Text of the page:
Lundahl & Seitl are supported by Nordisk Kulturfond, The Swedish Arts Grants Committee and the International Program for Visual Artists (iaspis), Stockholm Stad and Kulturrådet Sweden / Swedish Arts Council. Our thanks also go to Streaming Museum and Hyphen Hub for their support in kind.

About the Performances

Since its inception in 2009 at the Swedish National Museum in Stockholm, Lundahl & Seitl’s work has been hosted by twentyfold internationally renowned museums and Biennials; earlier commissions have included Martin-Gropius-Bau, Royal Academy of Arts, Momentum 8 – Tunnel Vision, Centre Pompidou Metz, MMK Frankfurt, S.M.A.K, Bern Biennale and Kochi Muziris Biennale; today’s performances and discussion at Scandinavia House will conclude a North American tour across Massachusetts, Washington D.C., and New York. In the performances, participants wear white goggles that induce a spatial white-out, partly rendering sensory interface to the world incomplete, and partly enabling a new relationship with the surroundings by blurring the distinction between sensing/reasoning, and body/mind. A guiding hand gradually earns our trust, while a whisper in the ear synchronizes our movement and breathing with the architectural sound in the headphones, closing the sensorial loop between our body and the imagined space through a reversed engineering of the vision.

The iteration of Symphony of a Missing Room at Scandinavia House emerged from the latest public showing of the work at Temple of Alternative Histories at Kassel Stadtteater, in conjunction with Documenta Fifteen.

Building from an internal exercise on how to become a river, of shaping and being shaped by different topographies, the work echoes natural processes in a practice of extending one’s sensory experience into one’s surroundings and merging with it through the relationship.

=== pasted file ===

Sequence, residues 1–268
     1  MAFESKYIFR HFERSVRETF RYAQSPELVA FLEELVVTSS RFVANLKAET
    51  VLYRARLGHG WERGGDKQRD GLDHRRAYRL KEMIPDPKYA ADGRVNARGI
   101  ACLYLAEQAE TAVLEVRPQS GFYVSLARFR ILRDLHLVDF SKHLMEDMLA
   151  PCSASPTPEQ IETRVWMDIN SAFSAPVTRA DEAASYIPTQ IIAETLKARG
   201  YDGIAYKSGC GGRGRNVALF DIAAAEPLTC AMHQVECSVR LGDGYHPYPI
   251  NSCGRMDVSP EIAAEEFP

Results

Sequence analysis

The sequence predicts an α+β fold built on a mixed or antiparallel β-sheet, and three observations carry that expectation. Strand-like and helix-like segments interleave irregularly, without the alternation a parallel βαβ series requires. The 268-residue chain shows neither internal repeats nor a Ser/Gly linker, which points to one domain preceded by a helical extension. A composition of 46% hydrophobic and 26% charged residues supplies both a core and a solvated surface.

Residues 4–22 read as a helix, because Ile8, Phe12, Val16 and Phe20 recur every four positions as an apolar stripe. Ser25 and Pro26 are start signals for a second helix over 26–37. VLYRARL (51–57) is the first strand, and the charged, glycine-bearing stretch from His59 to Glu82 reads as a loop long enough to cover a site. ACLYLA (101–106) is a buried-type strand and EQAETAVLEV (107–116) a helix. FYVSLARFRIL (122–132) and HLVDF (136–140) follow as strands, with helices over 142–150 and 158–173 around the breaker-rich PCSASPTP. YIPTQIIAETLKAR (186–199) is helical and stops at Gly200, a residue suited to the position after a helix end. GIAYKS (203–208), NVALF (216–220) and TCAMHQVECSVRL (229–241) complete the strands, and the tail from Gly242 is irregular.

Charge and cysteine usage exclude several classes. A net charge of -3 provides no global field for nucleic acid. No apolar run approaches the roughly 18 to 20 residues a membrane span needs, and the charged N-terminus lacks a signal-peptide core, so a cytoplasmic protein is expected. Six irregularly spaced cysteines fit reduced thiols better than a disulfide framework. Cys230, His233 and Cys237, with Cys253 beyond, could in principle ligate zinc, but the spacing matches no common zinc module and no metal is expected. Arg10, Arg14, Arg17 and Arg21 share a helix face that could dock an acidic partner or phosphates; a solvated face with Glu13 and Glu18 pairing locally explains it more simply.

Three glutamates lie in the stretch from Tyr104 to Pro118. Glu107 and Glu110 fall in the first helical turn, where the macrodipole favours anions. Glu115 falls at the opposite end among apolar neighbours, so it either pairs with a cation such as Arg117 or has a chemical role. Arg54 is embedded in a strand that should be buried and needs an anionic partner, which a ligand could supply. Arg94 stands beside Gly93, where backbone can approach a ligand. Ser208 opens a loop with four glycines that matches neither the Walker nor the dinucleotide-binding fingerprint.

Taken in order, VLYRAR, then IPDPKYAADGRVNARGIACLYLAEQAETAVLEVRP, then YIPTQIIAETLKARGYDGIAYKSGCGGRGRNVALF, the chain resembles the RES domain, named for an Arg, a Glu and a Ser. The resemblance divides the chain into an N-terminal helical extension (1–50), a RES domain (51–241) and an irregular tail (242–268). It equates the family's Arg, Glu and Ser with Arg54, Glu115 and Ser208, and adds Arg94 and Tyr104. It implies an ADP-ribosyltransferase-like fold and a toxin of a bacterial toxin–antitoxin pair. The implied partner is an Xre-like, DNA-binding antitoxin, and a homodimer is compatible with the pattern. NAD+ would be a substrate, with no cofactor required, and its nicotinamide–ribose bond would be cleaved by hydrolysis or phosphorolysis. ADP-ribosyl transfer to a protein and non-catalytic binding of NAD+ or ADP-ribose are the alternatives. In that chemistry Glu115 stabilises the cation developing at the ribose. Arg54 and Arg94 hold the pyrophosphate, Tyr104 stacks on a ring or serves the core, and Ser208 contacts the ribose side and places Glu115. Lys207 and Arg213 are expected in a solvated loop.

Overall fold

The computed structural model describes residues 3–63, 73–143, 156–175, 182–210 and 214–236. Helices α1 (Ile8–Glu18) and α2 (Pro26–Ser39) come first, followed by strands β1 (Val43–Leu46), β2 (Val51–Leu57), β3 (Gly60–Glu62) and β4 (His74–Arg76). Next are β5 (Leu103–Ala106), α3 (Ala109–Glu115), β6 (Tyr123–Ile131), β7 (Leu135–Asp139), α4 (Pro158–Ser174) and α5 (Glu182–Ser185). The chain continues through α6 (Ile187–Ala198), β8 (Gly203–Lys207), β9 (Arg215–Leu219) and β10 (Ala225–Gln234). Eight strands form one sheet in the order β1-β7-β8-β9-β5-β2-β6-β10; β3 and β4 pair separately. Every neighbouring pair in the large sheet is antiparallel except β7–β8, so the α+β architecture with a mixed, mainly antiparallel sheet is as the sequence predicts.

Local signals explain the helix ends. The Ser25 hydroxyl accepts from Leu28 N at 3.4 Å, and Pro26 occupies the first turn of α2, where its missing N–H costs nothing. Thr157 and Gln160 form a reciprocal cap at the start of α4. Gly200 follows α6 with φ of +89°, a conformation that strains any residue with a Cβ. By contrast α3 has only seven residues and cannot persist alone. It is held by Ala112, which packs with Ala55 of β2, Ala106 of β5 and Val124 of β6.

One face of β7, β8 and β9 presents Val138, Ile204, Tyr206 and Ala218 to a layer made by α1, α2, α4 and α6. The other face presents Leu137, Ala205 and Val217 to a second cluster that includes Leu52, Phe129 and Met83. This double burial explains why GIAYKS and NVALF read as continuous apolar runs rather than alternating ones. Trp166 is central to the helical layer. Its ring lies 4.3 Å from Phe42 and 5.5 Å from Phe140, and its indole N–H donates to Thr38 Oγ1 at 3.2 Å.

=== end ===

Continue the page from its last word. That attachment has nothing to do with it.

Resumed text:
In Symphony of a Missing Room, the value of agency and guidance is constantly negotiated in a dance of listening, adapting, and responding, not only to the immediate movement of your unseen guide but also to the objects and events from the past that have been integrated into the works’ choreographic score. As triggers for future experiences, these objects and events are now surfacing and played out horizontally in the present relationship and friction between visual and auditory organs and the nerves of the skin between the two bodies temporarily becoming the artwork. A multitude of ideas, experiences, thoughts, and reflections echoes inside the Symphony as an endless conversation between presences and absences.

About Barbara London

Barbara London is a New York-based curator and writer who founded the video-media exhibition and collection programs at The Museum of Modern Art, where she worked between 1973 and 2013. Her current projects include the book Video/Art: The First Fifty Years (Phaidon: 2020), the podcast series “Barbara London Calling,” and the exhibition Seeing Sound (Independent Curators International, 2020-24).

London organized one-person shows with such media mavericks as Laurie Anderson, Peter Campus, Teiji Furuhashi, Gary Hill, Joan Jonas, Shigeko Kubota, Nam June Paik, Song Dong, Steina Vasulka, Bill Viola, and Zhang Peili. Her thematic exhibitions at MoMA included Soundings: A Contemporary Score (2013); Looking at Music (2009); Video Spaces (1995); Music Video: the Industry and Its Fringes (1985); and Video from Tokyo to Fukui and Kyoto (1979). She was the first to integrate the Internet as part of curatorial practice, with Stir-fry (1994); Internyet (1998); and dot.jp (1999).

London’s writing has appeared in numerous catalogs and publications, including Artforum, Yishu, Leonardo, Art Asia Pacific, Art in America, and Modern Painter.

London teaches in the Sound Art Department, Columbia University, and previously taught in the Graduate Art Department, Yale, 2014-19. Her honors include: Getty Research Institute scholar, 2016; the Courage Award, Eyebeam, 2016; Gertrude Contemporary Residency, Melbourne, 2012; Dora Maar House Residency, Menerbes, 2010; a CEC Artslink award in Poland, 2003; a Japanese government Bunkacho Fellowship, 1992-93; and a National Endowment for the Arts Fellowship, 1988-89.